On this day is 1851, the American dentist, gambler and gunfighter John Henry Doc Holliday was born. The son of an army pharmacist, Doc Holliday received a degree in dentistry from the Pennsylvania College of Dental Surgery but shortly after beginning his practice as a dentist, Holliday was diagnosed with tuberculosis and left the east for the southwest where he hoped the drier air might help prolong his life.
Moving to Texas, he would practice dentistry for a short while but coughing spells wracked his body during dental procedures and he saw his business decline. Finally, forced to find another way to earn a living, Holliday would turn to gambling and found himself quite good at it. Unfortunately, if you were good at gambling in the old west, you also had better be good with a gun.
It was on January 2, 1875 that Doc would have his first gunfight. A disagreement with a local saloonkeeper turned violent and although neither party was injured both men were arrested. It would only be a few days later however, that Doc's pistols would claim their first victim, this time a prominent Dallas resident. Fleeing town, Holliday headed to the lawless town of Jacksboro, Texas where three more gunfights would occur leaving one man dead but since there was no law in Jacksboro, Doc remained there.
When a gunfight left a US soldier dead, a reward was offered for his capture and he was pursued by the army, Texas Rangers and pretty much anyone with a gun. Holliday would escape to Colorado but after a fight where he nearly severed someone's head off with a knife, he would move on.
Meeting up with a prostitute named Kate, she and Doc would travel to Wyoming, then New Mexico and finally back to Texas, Kansas, New Mexico and finally Tombstone, Arizona where the famous "Gunfight at the OK Corrall would occur. While leaving a river of blood in his wake, Holliday would not die from a bullet but would pass away in bed from tuberculosis at age 36.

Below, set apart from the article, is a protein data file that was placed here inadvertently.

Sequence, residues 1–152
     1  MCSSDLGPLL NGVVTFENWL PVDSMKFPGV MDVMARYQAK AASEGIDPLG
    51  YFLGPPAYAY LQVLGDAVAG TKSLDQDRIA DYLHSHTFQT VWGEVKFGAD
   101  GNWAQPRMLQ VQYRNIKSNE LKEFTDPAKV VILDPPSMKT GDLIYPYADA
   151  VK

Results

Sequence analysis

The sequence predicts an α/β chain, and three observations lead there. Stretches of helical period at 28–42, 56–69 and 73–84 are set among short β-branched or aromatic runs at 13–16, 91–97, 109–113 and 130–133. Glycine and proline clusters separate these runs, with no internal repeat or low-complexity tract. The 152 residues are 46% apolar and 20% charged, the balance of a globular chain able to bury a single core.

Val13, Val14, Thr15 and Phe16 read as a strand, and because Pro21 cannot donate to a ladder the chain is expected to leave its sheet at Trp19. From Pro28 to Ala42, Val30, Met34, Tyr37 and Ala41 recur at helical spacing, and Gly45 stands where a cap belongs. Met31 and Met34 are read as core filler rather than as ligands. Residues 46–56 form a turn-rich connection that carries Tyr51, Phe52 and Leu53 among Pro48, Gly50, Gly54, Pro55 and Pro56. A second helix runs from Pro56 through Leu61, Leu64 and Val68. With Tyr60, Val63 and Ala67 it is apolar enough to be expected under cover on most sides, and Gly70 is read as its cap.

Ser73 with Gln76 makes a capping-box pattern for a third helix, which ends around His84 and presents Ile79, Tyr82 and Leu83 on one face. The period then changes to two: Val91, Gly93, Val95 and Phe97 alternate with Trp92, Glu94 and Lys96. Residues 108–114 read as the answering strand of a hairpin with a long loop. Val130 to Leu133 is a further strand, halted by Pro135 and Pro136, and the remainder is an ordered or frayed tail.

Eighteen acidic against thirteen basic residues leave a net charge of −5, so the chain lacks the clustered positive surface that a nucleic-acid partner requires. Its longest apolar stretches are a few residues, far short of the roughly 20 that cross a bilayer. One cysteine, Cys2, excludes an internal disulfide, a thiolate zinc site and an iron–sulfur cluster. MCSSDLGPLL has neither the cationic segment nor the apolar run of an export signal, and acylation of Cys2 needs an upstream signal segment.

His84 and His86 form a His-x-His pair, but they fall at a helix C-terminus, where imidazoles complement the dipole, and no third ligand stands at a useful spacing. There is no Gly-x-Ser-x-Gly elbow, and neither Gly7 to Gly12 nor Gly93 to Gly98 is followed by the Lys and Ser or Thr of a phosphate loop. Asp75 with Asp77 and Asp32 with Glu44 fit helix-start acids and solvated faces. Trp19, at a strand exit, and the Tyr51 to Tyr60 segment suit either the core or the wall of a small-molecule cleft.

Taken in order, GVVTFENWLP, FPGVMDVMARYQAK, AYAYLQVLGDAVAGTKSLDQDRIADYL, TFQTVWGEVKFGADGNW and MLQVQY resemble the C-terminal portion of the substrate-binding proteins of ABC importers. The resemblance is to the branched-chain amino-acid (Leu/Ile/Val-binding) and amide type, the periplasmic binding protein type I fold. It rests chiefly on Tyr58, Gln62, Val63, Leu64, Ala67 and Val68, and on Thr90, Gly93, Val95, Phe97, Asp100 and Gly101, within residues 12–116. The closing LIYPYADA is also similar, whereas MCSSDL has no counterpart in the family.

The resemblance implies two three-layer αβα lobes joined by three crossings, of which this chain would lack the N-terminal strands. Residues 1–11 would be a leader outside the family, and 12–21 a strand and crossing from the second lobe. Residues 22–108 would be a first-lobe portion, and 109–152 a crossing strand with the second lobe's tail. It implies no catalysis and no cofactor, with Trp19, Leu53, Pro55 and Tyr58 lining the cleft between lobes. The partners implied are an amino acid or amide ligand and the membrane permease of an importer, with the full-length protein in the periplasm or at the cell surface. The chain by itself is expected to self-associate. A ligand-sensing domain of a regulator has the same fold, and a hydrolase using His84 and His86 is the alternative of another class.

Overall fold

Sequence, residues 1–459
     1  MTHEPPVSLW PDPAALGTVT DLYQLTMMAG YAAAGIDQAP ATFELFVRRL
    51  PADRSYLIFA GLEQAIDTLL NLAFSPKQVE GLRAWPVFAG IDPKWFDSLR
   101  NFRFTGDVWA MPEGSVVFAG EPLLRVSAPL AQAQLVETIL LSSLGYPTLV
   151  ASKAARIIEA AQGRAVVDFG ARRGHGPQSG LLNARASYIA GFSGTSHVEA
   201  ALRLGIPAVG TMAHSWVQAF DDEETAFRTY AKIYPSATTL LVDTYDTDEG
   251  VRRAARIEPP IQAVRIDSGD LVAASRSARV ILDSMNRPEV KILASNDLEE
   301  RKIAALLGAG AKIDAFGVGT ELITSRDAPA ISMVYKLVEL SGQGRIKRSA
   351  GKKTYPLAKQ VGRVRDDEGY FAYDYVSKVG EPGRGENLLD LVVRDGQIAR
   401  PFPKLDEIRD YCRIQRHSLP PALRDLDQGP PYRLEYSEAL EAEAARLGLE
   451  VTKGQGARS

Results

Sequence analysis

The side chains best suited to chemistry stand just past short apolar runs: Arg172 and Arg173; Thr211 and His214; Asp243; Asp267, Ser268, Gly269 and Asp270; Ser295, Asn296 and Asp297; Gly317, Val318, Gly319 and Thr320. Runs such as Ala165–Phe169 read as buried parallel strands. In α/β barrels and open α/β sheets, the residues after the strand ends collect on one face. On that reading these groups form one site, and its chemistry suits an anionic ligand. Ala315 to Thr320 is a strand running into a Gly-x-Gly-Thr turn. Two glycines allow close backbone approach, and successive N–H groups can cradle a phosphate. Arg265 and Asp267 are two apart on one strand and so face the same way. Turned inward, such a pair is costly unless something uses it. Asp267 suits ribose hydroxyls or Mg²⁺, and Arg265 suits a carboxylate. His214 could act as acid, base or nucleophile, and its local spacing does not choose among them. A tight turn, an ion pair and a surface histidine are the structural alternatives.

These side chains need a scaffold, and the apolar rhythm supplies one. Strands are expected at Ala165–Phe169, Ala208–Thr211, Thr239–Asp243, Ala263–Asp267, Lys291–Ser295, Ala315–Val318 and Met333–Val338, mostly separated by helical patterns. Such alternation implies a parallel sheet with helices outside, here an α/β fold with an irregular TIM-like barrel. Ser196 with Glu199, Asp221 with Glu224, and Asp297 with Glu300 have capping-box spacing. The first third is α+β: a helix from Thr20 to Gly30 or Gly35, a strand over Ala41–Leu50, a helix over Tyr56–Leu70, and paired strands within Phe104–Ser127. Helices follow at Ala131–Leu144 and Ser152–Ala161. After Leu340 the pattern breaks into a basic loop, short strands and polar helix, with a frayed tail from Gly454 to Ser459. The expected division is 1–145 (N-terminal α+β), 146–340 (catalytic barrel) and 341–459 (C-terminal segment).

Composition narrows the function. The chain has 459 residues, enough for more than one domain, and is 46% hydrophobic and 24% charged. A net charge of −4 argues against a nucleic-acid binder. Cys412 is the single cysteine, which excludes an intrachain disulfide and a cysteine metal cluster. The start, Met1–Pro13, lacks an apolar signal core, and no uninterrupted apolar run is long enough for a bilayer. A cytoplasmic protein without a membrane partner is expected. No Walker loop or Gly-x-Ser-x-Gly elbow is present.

For more information:
A NPR segment that aired today on Boot Hill cemetery in Tombstone, Arizona
1 shot gin
1 shot Cointreau
1 shot Lillet Blanc
1 shot fresh lemon juice
Dash of absinthe or substitute (roughly ¼ teaspoon)
Shake well with ice and strain in to a cocktail glass. Garnish with a maraschino cherry.
“Four of these taken in straight succession will revive the corpse again" - Harry Craddock
On this day in 1967, the UK Marine Broadcasting Offences Act declares offshore pirate radio illegal.
Since radio began in the UK the government decided that such a powerful means of mass communication needed to be under state control to avoid abuses, so in 1927 The British Broadcasting Corporation (BBC) was formed. The conservative organisation charged a licence fee to every home possessing a radio and in return provided provided lively programs of news, weather, lectures, educational matter, and symphony concerts.
Enter the world of Pirate Radio where ships with radio antennae would anchor in international waters and broadcast a signal into England. Rock, American Blues and even England's own "The Who" filled the airwaves. Living as outlaws DJ's manned the booths on floating radio stations trying to stay one step ahead of the authorities and the weather.
To learn more of the story of perhaps the most famous Pirate Radio ship Caroline:
A gunfighting joke: